Must I then cut the ponytail boys some slack? I recognise that their playing passionate covers of Howlin’ Wolf songs is no more ridiculous than one of my early bands performing the Stones’ "Play With Fire", in which the singer sarcastically bemoans someone ceasing to get her kicks in upscale Knightsbridge, and getting them instead in downmarket Stepney.

I once made an enemy of Atlantic Records co-founder and Aretha Franklin producer Jerry Wexler by suggesting in print that Wilson Pickett’s cover of The Archies’ “Sugar Sugar” was a sort of musical dog and pony show. Yes, he sang it with his usual passion (that is, with “soul”), but didn’t his doing so cheapen the whole notion of soulfulness in general? 

One of course sees an awful lot of this stuff in the American Idol/X Factor era, as little 16-year-old cutie-pies with big voices and even bigger dreams sing John Lennon’s nonsensical "Come Together", for instance, as though its lyrics have deep emotional resonance for them.

Decades ago, an executive at a major, major music publishing company agreed to let me come in and play him some of my songs. He stopped “Where’s My Jayne?” two bars into the first chorus because the chorus begins with the question “Where’s my Jayne and with whom?” I was to understand that listeners would find my use of whom hifalutin and off-putting because…inauthentic. Around the same time, Tom Petty, who may be a no-talent twerp, but almost certainly isn’t the trailer trash he was pretending to be, had a hit record called “Don’t Come Around Here No More.” When I admitted to being flummoxed, my prospective patron sighed censoriously, removed my tape from his tape deck, told me to come back when I’d had a chance to think about his advice, and stopped taking my phone calls.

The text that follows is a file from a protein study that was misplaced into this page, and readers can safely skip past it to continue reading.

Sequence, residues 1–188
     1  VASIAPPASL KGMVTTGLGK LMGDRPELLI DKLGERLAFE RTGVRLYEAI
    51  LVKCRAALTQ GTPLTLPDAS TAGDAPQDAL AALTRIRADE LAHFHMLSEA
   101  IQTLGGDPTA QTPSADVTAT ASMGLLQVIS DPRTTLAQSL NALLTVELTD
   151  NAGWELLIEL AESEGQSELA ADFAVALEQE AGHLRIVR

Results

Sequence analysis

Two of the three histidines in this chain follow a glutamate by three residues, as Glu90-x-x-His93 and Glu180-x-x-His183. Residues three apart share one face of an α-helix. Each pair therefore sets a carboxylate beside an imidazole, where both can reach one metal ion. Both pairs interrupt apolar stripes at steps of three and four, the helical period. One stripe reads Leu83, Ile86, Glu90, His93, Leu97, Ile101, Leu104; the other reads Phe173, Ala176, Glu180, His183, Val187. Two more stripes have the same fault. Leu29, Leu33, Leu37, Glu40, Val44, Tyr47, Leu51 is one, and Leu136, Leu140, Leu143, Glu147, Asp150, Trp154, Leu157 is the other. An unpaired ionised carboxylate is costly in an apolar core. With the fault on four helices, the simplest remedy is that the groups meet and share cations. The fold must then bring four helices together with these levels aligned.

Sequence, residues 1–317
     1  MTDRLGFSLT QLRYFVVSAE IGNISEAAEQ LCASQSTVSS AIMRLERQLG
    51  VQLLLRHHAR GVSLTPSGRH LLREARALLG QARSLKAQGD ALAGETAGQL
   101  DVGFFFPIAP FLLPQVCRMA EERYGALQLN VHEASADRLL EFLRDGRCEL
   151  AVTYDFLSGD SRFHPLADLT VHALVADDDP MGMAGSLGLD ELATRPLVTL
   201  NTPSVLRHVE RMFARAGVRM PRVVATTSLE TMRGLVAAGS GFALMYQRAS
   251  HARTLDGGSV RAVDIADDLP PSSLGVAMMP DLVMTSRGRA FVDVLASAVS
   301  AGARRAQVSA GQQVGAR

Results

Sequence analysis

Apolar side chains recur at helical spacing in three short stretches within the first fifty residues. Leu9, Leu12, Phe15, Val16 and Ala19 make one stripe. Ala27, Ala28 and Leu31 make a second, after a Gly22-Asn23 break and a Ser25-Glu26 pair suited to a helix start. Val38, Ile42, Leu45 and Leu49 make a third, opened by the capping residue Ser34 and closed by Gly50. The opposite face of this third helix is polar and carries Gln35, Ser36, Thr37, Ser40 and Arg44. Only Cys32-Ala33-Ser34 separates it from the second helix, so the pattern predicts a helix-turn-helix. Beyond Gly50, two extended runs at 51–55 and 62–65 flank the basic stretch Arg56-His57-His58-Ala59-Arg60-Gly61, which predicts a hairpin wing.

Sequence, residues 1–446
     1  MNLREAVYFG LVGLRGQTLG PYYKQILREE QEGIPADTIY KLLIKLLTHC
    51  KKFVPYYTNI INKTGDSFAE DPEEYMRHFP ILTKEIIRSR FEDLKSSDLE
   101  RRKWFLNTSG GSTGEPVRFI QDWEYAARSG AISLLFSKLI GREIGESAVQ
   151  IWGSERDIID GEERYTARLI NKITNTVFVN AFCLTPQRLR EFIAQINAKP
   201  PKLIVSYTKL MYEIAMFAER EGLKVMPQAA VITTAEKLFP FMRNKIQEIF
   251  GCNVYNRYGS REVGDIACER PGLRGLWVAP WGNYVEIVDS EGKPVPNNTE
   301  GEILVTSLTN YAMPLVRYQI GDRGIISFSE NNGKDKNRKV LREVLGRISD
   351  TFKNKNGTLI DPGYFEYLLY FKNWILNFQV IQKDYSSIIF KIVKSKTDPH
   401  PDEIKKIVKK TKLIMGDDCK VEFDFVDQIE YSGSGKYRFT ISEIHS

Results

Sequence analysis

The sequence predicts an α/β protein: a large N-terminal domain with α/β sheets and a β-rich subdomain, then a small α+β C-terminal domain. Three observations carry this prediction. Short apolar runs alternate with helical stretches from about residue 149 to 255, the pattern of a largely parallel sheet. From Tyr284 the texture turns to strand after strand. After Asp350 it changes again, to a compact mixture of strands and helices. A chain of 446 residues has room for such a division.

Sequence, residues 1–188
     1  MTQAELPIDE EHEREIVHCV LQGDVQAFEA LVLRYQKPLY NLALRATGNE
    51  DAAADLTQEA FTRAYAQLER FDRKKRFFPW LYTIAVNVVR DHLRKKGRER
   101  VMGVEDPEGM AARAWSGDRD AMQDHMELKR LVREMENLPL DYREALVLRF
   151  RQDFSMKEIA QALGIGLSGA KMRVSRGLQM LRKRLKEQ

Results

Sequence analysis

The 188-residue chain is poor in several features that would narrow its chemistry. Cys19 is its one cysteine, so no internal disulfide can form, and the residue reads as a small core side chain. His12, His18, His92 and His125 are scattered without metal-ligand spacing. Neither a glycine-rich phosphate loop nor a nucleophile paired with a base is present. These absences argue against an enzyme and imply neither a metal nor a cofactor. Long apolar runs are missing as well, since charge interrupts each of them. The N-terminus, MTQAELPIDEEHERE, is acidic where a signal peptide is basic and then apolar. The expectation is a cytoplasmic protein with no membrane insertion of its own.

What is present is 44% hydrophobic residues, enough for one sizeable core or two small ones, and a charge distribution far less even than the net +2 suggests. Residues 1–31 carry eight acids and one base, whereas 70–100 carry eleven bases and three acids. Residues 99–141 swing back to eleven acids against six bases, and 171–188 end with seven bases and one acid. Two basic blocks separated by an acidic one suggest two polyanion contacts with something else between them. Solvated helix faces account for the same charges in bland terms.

In the exquisite "Waterloo Sunset", I only recently realised that Ray Davies sings, “I don’t need no friends.” Is his use of the hideous double negative, when “I don’t need a friend” would have worked perfectly, and been more characteristic of his own speech, an homage to Big Bill Broonzy, or something?


Keepin’ it real, y’all.

14 comments:

  1. This comment has been removed by the author.

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    1. I am flattered by your having taken the time to respond so thoughtfully, and at such length. And I disagree with you about just about everything. I think musicians should write and sing about their own experience.

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    2. This comment has been removed by the author.